A total of 43 universities, university colleges, research institutes and key interest organisations have submitted viewpoints on the strategy document.
“The Executive Board of the Research Council is particularly pleased that so many have taken part in the review process and provided input that is clearly based on a great deal of thought. We would like to thank everyone for all of the comments and input we have received,” says Mr Hallén.
“The broad-based response illustrates the widespread interest in the activities of the Research Council, and reminds us of how important the dialogue with the entire research community is,” he emphasises.
The Director General of the Research Council thanks all the respondents for their input on the proposed main strategy. “It will help us to draw up a better, more targeted strategy,” he says. (Photo: Sverre Jarild)
Support for the main lines of thinking
The vast majority of the comments supported the proposed objectives for the strategy:
- enhanced quality and innovation in research;
- sustainable solutions to the grand societal challenges;
- a more research-oriented private and public sector;
- mobilisation efforts targeted towards Horizon 2020.
At the same time, the feedback included many proposed changes and clarifications that can improve the strategy.
“It will be difficult to take all of the comments into consideration in such an overarching strategy as this. Nevertheless, the suggestions are very valuable and will be addressed in the work on revising policy memos in various areas,” says Mr Hallén.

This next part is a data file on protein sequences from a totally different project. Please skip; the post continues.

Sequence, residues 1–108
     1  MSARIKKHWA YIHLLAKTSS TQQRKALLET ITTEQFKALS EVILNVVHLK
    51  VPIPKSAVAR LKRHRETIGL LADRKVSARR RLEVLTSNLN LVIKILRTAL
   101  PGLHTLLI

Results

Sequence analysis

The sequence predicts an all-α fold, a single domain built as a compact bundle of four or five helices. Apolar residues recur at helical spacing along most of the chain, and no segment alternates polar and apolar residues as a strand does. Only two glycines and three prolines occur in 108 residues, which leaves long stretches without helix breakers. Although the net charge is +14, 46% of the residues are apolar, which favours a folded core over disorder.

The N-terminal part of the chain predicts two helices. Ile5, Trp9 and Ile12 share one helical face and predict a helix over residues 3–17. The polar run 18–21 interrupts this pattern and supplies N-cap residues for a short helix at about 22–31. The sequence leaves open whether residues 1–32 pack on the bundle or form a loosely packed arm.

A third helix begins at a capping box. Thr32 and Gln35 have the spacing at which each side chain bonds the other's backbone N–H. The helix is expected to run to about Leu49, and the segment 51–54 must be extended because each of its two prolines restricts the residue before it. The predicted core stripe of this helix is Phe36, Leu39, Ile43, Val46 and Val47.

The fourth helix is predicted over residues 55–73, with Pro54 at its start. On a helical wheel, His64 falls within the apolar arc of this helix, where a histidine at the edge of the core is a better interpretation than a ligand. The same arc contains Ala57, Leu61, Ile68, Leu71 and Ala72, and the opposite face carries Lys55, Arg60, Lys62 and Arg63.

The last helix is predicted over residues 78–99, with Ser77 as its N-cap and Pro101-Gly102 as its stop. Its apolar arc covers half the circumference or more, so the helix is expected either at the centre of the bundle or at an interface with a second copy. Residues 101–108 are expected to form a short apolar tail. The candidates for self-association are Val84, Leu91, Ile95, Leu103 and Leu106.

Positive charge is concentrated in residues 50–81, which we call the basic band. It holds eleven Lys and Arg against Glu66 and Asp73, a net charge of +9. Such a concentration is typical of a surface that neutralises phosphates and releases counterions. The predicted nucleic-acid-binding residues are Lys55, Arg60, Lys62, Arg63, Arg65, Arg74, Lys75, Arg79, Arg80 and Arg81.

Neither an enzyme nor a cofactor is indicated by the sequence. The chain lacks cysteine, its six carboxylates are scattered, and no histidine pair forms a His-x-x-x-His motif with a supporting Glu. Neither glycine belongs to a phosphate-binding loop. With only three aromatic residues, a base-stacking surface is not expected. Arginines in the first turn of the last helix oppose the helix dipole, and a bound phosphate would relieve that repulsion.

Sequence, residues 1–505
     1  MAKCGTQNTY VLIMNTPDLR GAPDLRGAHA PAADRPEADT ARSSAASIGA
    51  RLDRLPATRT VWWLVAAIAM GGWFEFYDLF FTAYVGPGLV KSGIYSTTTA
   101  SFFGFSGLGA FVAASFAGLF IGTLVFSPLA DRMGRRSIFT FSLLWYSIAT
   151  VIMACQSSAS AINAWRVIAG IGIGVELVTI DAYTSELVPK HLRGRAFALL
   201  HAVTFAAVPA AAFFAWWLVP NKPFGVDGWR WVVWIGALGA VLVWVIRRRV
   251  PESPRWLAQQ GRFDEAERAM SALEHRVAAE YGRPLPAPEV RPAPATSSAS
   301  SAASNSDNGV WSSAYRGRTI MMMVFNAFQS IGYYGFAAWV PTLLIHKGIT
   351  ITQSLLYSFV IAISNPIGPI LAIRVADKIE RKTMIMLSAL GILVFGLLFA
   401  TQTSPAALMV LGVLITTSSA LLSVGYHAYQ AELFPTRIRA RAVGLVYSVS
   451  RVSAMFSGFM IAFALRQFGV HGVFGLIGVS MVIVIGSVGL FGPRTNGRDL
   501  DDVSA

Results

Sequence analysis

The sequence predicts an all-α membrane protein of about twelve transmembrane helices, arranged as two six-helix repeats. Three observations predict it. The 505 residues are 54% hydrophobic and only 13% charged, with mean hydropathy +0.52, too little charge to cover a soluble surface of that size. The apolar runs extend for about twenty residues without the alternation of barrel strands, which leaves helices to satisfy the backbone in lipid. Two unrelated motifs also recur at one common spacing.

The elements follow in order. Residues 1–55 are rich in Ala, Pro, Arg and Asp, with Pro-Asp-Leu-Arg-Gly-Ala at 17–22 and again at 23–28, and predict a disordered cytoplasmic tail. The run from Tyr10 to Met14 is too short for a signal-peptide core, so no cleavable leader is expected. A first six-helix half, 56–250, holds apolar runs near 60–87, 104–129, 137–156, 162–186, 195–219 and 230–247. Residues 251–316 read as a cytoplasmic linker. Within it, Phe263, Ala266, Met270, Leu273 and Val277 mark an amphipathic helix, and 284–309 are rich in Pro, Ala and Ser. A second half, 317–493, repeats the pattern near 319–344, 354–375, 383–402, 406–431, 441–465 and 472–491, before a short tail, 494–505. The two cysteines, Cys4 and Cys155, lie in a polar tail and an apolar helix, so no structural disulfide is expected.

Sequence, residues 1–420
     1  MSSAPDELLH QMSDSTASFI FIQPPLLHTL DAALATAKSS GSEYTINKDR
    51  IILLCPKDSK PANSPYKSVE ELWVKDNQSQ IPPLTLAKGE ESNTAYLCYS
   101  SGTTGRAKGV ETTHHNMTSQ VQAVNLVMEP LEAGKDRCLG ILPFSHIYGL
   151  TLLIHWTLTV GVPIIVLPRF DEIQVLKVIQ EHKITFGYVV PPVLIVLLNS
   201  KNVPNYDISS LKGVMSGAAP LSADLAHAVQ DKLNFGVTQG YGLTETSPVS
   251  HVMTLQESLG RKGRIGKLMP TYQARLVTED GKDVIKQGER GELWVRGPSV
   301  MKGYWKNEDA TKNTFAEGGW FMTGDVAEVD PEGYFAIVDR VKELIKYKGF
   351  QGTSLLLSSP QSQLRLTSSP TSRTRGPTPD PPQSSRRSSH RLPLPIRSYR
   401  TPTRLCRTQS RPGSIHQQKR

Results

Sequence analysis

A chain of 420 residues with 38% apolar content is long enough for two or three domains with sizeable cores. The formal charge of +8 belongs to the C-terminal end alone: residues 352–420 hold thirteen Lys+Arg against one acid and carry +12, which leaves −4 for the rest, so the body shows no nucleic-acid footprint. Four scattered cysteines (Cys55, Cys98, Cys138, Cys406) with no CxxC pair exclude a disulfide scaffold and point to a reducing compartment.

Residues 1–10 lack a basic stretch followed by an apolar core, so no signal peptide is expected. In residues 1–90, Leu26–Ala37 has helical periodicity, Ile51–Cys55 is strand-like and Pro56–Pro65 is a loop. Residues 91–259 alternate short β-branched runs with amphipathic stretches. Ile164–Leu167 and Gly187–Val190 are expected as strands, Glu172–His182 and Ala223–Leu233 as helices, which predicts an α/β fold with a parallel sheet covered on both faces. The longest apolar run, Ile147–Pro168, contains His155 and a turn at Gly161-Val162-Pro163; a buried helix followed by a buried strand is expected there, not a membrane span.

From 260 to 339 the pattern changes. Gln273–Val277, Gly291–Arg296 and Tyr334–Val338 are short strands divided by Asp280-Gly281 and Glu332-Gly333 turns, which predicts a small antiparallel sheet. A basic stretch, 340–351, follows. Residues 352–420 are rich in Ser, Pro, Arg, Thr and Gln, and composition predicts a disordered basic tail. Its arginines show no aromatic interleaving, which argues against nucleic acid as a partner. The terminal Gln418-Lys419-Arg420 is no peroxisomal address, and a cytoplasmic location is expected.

Major areas of attention
The bodies consulted would like to see greater attention focused on interdisciplinarity and basic research and greater importance attached to open, competitive funding arenas without thematic limitations. The sustainability perspective needs to be viewed in connection with the objective of helping to solve economic, social and environmental challenges facing society.
According to the respondents, the objective of attaining a more research-oriented private and public sector mainly involves reaching out to companies and sectors that have not traditionally used research-based innovation in their renewal efforts. Relevant practice-oriented researcher competency will be particularly important to changing the current situation.
Strong incentive schemes are considered a key instrument for boosting Norwegian participation in the international research arena. At the same time, improved schemes for personal mobility are being sought.
“All of these are important areas that we will consider closely as we finalise the strategy,” Mr Hallén asserts.
The completion of the strategy will be one of the first major tasks of the Research Council's new Executive Board that took office on 1 January.
Read a more detailed summary and comments and suggestions to the main strategy here (in Norwegian).
Cooperation with the research community
Some of the bodies see it as problematic that the Research Council focuses so strongly on its role as a change agent in Norwegian research in the draft strategy. They believe that too little consideration has been given to the autonomy and academic freedom of the institutions and their role as independent strategic actors.
“The Norwegian research system must consist of autonomous institutions with great capacity to develop strategies and set their own priorities. This is completely consistent with the thinking underlying the strategy, and it must be made very clear in the final version of the document. At the same time, the Research Council must have a strong enough role to be able to initiate or support change, both because we administer a large amount of resources and because our mission vis-à-vis society entails developing Norwegian research and creating cohesiveness in overall national research activity,” concludes the Director General.